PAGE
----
The recession is forcing Oregon to reexamine how we raise and spend money for public services. On the revenue side, Oregon's tax system continues to suffer from tremendous volatility and instability, thanks in part to our one-of-a-kind "kicker" law and our failure to develop adequate reserves. I sponsored legislation in 2011 to redirect some of the kicker into a constitutionally-protected "rainy day" fund. This plan stalled in committee, as did every proposal to reform the kicker. I remain committed to this issue. It simply doesn't make sense for Oregon to be giving away tens of millions of dollars, largely to out-of-state companies and high-income individuals who don't need the help.
2011 did see positive changes to Oregon's tax credit structure. Tax credits can play a useful role in promoting desired activity and stimulating economic growth, but they also have a tendency to be used too readily and to outlive their usefulness. With our 2011 changes, some ineffective tax credits were allowed to expire, while others were drawn more narrowly. As a result, the state will save $368 million between now and 2017 in wasteful tax credit spending.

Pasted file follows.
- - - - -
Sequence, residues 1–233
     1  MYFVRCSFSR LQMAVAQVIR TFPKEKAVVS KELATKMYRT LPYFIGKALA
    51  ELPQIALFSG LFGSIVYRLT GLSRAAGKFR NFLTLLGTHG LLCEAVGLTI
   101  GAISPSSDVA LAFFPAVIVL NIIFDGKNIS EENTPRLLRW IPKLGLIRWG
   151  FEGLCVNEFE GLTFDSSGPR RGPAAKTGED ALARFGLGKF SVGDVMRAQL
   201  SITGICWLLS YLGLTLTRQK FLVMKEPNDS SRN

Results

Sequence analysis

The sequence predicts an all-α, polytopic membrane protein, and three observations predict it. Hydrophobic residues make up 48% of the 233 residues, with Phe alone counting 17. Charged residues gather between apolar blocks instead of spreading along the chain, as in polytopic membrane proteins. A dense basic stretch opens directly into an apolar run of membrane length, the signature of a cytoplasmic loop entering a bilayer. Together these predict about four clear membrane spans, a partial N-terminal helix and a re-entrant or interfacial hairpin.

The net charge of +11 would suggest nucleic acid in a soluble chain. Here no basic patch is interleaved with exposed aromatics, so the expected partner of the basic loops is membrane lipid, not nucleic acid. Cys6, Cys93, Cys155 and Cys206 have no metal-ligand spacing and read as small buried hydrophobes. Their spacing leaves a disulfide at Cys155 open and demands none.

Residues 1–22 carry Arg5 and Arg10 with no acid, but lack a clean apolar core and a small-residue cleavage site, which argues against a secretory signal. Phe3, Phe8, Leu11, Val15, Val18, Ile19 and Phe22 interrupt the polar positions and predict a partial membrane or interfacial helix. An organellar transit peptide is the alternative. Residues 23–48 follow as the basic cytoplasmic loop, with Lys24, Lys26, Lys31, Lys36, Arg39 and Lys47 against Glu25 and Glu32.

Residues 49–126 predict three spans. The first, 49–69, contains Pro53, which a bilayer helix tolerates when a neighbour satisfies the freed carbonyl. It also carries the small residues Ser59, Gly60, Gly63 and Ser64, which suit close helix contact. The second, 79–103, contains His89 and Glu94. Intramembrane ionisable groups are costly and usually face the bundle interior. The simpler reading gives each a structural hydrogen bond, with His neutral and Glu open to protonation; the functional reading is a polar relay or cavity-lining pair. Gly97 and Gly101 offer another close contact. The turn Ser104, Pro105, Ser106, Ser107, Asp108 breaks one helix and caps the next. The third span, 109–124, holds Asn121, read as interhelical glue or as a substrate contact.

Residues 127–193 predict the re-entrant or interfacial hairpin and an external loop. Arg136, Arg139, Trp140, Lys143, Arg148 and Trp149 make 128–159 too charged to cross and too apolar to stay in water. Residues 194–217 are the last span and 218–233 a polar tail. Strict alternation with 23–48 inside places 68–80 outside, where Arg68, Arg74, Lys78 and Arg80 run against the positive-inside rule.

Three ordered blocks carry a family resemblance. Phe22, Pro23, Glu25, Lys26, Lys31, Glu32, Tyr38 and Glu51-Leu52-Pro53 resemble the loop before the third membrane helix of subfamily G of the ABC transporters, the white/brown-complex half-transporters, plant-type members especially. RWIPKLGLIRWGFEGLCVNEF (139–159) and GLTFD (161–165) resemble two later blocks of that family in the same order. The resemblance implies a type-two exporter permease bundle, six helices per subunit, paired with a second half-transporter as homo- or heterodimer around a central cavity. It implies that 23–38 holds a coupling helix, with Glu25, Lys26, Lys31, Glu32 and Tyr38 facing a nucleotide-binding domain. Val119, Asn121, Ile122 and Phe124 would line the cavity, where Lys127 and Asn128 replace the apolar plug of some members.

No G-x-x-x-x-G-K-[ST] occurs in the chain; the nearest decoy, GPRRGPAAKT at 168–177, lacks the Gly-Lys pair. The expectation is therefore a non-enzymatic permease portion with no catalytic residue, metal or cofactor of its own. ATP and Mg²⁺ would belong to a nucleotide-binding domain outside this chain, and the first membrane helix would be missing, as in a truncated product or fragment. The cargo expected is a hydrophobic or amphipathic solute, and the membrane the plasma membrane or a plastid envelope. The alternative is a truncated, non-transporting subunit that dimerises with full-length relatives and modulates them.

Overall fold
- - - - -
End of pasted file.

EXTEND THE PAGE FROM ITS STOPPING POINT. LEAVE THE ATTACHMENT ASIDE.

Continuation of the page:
Another key element of putting Oregon's fiscal house in order is to reform the initiative system. Today the initiative process operates without any fiscal discipline at all; initiative petitioners can propose new programs and mandate the expenditure of public dollars without being required to propose any method of paying the costs. This "free ride" system destabilizes our budget and distorts the way we spend taxpayer dollars. In the 2011 session, I proposed an amendment to the Oregon Constitution that would require every ballot measure proposing to appropriate money to identify a revenue source. This "pay as you go" requirement would give voters critical information that they don't have today. HJR 40 did not pass that session, but we built some significant momentum for the objective of a fiscally responsible initiative system.
Finally, Oregon is taking a very hard look at the amount of money we are spending on prisons. The runaway growth in spending on incarceration since the mid-1990s has put enormous pressure on the state budget. As the economy suffers and revenues slow, we have done very little to reduce the costs in our public safety system. In July 2011, I was appointed by Governor John Kitzhaber to the Commission on Public Safety. I was joined on the Commission by Chief Justice Paul J. De Muniz, former Governor Ted Kulongoski, and three other state legislators. Our task was to review and propose changes to Oregon's sentencing laws in time for the February 2012 session.